Ode to Rousseau

By Hallie Cirino, 5’s teacher, CHT Preschool, Westport, CT

One of the great joys of teaching in a school which embraces an emergent curriculum is finding artists whose works reflect the interests of the children. Recently, my co-teacher, Sylvia Grannan, and I noticed an emerging curiosity in jungle animals, so Sylvia said, “Why not study Rousseau?”

We hung colored copies of a small selection of Henri Rousseau’s vibrant paintings on a classroom wall, and waited for the children of our pre-K class to take notice. Our students were immediately drawn in, informally pointing and discussing Rousseau’s work. “Look at those monkeys!” “I like the flowers.” “The moon is full.”

The next day, we set out blank white paper, markers, crayons, pencils, and pastels, and asked the children to “write” what they notice about the paintings. Every one of them first drew what stood out to them, and then wrote a sentence about it. The students each took a turn to share what they had drawn and written. 

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A few days later we revisited their writings, and decided to write a collaborative class poem. The children started the poem by making a list of all the things they noticed in the paintings. We told them that these words are called nouns. The students then added action words to express what the objects/animals were doing in the paintings. Finally, they added descriptive words (adjectives). This was incredibly challenging yet fun for our five-year-olds!  Here is their Ode to Rousseau:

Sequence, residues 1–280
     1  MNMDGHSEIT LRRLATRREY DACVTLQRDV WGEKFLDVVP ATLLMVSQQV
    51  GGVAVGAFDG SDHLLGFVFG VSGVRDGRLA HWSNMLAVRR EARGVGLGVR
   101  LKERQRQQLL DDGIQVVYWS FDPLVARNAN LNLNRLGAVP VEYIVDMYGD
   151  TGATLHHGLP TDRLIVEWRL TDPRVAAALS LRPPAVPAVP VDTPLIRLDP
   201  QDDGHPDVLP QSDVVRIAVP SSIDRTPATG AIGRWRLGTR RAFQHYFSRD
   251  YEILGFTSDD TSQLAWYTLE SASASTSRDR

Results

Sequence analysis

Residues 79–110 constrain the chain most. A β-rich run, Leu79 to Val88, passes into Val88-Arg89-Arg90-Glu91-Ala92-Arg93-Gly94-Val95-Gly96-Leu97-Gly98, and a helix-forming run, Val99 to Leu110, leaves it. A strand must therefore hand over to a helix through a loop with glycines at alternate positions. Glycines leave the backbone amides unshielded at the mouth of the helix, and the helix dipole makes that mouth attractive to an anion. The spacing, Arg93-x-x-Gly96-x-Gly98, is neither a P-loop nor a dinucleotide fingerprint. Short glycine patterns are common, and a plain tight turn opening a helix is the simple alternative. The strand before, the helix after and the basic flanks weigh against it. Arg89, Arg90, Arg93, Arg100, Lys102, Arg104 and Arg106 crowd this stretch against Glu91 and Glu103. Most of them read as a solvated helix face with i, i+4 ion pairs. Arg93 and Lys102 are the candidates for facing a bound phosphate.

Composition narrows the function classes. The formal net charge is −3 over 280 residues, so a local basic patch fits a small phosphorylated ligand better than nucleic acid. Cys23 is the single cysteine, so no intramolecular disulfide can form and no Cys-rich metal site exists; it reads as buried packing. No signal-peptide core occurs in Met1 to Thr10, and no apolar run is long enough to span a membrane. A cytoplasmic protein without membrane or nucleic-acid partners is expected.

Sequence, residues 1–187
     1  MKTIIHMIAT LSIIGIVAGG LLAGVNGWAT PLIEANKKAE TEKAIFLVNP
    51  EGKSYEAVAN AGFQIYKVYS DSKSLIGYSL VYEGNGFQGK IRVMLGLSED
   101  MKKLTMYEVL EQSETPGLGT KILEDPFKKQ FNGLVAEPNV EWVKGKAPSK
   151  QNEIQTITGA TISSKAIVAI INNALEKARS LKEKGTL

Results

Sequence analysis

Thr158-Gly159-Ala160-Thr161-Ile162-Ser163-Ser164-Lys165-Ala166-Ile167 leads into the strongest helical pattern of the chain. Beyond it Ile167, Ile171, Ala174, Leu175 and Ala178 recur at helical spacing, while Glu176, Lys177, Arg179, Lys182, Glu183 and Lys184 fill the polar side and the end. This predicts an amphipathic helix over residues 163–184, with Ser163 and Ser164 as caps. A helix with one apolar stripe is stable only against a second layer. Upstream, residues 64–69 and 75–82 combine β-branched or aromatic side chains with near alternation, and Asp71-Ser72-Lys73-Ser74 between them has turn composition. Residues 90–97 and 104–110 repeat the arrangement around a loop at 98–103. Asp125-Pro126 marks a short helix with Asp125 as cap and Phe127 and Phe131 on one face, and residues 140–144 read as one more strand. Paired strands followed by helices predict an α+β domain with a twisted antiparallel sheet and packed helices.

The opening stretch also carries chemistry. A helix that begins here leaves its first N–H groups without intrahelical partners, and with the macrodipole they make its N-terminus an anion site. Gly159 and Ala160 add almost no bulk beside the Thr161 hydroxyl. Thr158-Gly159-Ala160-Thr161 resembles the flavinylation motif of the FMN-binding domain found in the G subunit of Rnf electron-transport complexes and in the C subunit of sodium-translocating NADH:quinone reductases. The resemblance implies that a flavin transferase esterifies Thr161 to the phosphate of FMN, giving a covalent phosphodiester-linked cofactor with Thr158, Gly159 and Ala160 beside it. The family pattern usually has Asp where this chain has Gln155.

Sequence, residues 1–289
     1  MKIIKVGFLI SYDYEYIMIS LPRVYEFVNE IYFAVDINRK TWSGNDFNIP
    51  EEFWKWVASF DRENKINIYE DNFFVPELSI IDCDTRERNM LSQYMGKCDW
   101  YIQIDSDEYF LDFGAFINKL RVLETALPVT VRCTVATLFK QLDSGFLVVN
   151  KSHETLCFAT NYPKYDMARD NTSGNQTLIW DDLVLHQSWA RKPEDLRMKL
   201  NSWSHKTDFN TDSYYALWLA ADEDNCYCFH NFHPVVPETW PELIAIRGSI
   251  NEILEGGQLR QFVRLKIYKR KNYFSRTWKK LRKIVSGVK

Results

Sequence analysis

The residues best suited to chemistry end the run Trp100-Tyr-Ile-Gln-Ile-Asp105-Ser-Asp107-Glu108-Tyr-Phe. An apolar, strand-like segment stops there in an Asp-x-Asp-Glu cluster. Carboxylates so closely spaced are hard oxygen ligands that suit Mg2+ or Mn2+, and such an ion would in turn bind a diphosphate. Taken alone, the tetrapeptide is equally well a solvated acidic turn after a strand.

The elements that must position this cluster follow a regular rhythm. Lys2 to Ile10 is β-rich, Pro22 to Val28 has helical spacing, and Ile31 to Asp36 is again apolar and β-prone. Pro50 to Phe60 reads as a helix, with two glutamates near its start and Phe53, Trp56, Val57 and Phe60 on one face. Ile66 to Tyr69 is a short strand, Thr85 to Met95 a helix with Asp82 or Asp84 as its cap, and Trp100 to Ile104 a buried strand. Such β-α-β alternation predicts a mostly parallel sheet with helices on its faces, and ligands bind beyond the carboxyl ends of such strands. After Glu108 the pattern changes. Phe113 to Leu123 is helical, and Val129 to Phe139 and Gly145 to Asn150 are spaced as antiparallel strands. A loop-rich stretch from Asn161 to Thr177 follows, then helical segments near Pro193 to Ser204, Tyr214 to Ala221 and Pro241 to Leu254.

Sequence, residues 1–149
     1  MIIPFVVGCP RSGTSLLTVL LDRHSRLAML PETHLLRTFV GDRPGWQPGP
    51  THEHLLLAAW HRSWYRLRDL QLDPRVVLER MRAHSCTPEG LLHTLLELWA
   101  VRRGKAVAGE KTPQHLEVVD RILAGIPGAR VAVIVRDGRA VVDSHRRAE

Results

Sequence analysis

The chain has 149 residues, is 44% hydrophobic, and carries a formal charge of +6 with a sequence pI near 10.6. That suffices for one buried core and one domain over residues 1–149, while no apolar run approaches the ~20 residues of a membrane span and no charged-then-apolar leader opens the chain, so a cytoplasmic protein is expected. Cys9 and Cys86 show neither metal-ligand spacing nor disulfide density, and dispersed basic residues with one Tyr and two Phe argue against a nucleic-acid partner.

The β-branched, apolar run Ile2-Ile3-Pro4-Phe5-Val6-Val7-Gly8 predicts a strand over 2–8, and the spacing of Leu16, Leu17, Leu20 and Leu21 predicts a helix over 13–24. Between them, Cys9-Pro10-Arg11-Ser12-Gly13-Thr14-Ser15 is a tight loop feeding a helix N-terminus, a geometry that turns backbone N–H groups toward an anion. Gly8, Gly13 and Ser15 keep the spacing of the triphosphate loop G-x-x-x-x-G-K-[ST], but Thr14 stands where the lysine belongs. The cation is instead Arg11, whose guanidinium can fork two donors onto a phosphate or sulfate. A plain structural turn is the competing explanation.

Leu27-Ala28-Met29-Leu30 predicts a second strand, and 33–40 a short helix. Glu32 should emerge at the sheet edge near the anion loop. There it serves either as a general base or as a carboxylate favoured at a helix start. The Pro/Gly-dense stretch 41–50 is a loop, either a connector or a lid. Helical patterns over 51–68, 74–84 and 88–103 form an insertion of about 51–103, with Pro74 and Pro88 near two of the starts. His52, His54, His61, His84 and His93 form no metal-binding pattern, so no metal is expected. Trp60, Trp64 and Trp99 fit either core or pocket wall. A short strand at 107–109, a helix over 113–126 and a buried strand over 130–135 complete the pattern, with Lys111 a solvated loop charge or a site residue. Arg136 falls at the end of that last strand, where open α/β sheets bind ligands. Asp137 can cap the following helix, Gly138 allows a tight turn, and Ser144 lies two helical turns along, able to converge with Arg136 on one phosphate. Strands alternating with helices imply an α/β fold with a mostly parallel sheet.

Feathered owl resting

Happy monkey swinging

Leafy flower growing

Red plants waving

Tall trees bundling

Round orange sitting

Furry lion sniffing

White moon glowing

Tired girl sleeping

Stringy guitar laying

Serious person standing

Fun city spinning

Along the way, we read parts of a biography about Rousseau, which included the interesting fact that he had never seen a jungle and painted largely from his imagination.  At the end of our artist study, we put out paints in the colors of Rousseau’s jungle paintings. The children were invited to use their imaginations, and paint whatever Rousseau had inspired. One of the children wanted to entitle his, and pretty soon they all had titles, from “Beautiful Flowers” to “Hiding Jungle”.

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The students of our class are now showing an emerging interest in sharks…

 

 

4 thoughts on “Ode to Rousseau

  1. Karen Ernst would be excited and proud of the work you are doing. I teach a great artists program in my preschool class here in Tulsa. It is my favorite thing that we do!

    1. Thank you Lesley. .. I am very fortunate to be spending this week with some old KHS staffers at a visual literacy Institute at Yale. Glad you still have your hand in it in Tulsa!

  2. LOVE IT, HALLIE!!!! I LOVE that you are teaching art and letting your students interpret it in ways that make sense to them!

    That makes it relevant.

    Good for you,and good for your students!

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